Karen said: “… unfortunately, FRBR was designed around relational database concepts and does not fit well into the RDF world”
This is what FRBR actually says: “The methodology used in this study is based on an entity analysis technique that is used in the development of conceptual models for relational database systems. Although the study is not intended to serve directly as a basis for the design of bibliographic databases, the technique was chosen as the basis for the methodology because it provides a structured approach to the analysis of data requirements that facilitates the processes of definition and delineation that were set out in the terms of reference for the study.”
I don’t think that’s quite the same thing. In any case, a normalized RDBMS is a very good fit indeed with the RDF world; see, for example, the work of the W3C RDB2RDF Working Group .
Karen also said “FRBR has an OWL vocabulary called ‘FRBRer’ that has a whole host of problems (not the least of which is a fairly deep misunderstanding of OWL).” I am sure the FRBR Review Group would like to correct any problems, so it would be useful if you could elaborate on what the problems are. Also, please let us know what is being misunderstood about OWL.
On 7/25/14, 4:45 PM, Robert Sanderson wrote:
While we're piling on...
On Fri, Jul 25, 2014 at 4:38 PM, Philip Evan Schreur <[log in to unmask]> wrote:
Structure and data needs come first. Once that's settled, we look to see how RDA can be expressed in that structure.
This is exactly it. Bibframe should support RDA, not be constrained by it. Additional constraints can be layered on top, for example via profiles.
And RDA could be one of those profiles. But *something* has to be the basis for the underlying data model. I believe that's what FRBR was trying to be, but unfortunately, FRBR was designed around relational database concepts and does not fit well into the RDF world. BIBFRAME has devised its own model, although I'd like to see more discussion of what that model is trying to represent. (Remember that many people are not happy at how BF item data is modeled, and the definition of BF annotation is still quite unclear.)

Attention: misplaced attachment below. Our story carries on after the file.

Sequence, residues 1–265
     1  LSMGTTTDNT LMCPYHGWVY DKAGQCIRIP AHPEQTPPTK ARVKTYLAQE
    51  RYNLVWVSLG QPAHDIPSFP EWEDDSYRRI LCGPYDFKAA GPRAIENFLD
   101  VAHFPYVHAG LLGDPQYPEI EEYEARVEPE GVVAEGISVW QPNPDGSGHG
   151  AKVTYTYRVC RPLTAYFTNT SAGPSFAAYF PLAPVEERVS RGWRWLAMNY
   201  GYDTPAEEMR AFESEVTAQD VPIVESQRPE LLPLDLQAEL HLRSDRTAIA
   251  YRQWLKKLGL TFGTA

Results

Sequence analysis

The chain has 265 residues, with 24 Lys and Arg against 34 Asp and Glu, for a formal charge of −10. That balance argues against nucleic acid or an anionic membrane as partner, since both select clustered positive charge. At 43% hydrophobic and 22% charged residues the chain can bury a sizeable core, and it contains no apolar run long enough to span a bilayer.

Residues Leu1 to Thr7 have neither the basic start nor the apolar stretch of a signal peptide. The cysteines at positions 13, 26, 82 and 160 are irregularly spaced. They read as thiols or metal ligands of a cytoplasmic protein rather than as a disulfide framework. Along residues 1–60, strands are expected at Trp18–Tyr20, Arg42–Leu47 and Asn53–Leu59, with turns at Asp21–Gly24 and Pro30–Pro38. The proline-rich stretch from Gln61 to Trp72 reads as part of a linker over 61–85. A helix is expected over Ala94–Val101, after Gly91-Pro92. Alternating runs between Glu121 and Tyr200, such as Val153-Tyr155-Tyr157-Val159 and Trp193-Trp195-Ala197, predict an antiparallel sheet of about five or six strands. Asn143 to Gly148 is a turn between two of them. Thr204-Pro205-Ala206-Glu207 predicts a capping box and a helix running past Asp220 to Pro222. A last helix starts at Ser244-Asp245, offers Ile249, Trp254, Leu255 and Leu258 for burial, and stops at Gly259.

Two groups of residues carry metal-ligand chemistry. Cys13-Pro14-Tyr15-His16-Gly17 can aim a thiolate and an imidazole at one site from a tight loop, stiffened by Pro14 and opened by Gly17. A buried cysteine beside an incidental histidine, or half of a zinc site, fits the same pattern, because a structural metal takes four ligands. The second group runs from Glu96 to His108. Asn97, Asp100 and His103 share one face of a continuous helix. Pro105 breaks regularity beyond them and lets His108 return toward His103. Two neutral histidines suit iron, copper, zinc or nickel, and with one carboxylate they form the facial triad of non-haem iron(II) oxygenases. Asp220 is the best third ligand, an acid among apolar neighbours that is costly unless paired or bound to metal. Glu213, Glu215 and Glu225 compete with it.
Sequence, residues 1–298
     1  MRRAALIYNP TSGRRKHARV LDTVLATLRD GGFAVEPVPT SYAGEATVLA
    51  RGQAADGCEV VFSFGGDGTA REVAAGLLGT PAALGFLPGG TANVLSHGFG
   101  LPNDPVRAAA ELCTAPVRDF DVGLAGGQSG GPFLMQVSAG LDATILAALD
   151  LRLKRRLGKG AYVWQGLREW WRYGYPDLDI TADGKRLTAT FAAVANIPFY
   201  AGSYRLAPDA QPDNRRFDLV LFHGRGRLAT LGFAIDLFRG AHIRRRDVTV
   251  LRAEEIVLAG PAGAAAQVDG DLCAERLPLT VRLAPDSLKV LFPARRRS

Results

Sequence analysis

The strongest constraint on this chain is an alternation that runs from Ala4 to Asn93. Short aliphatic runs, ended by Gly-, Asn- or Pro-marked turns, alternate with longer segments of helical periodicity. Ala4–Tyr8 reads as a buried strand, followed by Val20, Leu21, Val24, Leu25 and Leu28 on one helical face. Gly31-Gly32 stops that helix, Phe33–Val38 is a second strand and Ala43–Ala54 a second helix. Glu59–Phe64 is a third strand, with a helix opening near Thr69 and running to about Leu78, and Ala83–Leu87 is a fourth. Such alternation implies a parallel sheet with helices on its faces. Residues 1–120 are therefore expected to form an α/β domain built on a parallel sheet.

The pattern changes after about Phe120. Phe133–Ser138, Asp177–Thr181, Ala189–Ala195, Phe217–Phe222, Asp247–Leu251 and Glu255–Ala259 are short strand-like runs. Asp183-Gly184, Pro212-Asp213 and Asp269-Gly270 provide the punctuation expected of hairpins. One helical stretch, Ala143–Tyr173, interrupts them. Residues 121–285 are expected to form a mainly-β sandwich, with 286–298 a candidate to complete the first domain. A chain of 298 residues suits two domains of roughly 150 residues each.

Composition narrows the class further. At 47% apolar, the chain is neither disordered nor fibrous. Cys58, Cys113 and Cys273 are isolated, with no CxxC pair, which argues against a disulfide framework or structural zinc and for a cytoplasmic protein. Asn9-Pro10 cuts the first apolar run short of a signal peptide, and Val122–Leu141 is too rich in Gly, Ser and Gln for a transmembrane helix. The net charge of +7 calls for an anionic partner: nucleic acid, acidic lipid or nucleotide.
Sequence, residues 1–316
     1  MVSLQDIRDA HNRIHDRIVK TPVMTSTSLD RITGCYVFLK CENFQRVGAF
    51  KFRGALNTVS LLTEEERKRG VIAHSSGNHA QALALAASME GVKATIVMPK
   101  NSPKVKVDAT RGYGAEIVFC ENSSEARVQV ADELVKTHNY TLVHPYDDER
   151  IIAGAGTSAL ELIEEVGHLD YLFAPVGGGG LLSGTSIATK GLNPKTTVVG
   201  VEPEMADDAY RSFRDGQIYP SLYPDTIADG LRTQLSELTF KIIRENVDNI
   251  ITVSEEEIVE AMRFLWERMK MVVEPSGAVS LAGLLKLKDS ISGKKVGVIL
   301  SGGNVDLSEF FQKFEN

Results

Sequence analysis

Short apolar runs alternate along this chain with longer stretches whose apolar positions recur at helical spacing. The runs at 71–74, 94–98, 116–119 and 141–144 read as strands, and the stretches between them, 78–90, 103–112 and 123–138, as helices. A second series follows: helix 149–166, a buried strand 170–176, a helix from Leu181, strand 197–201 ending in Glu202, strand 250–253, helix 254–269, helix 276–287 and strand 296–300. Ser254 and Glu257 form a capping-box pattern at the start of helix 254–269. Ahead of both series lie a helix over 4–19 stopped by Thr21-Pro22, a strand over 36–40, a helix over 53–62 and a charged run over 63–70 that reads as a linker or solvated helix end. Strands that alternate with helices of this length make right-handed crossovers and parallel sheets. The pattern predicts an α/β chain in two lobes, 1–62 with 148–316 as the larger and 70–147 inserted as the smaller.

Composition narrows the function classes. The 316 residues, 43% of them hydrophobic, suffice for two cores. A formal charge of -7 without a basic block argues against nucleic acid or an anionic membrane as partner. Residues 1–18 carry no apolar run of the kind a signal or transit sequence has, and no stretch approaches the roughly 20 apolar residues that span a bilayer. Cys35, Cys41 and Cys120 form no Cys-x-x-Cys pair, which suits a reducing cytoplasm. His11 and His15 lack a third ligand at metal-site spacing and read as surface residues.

RDA has its own RDF vocabulary  and may soon have a data creation platform (at least a beta). (Note that RDA has 1676 properties (!).) FRBR has an OWL vocabulary called "FRBRer" that has a whole host of problems (not the least of which is a fairly deep misunderstanding of OWL).  We have no dearth of RDF vocabularies (there's even one for ISBD), but it's still not clear to me what direction we are going in or what are the principles guiding the development of BIBFRAME. Not that I would want to turn BIBFRAME development over to the catechism that guides IFLA, but, really, what is it that we are doing?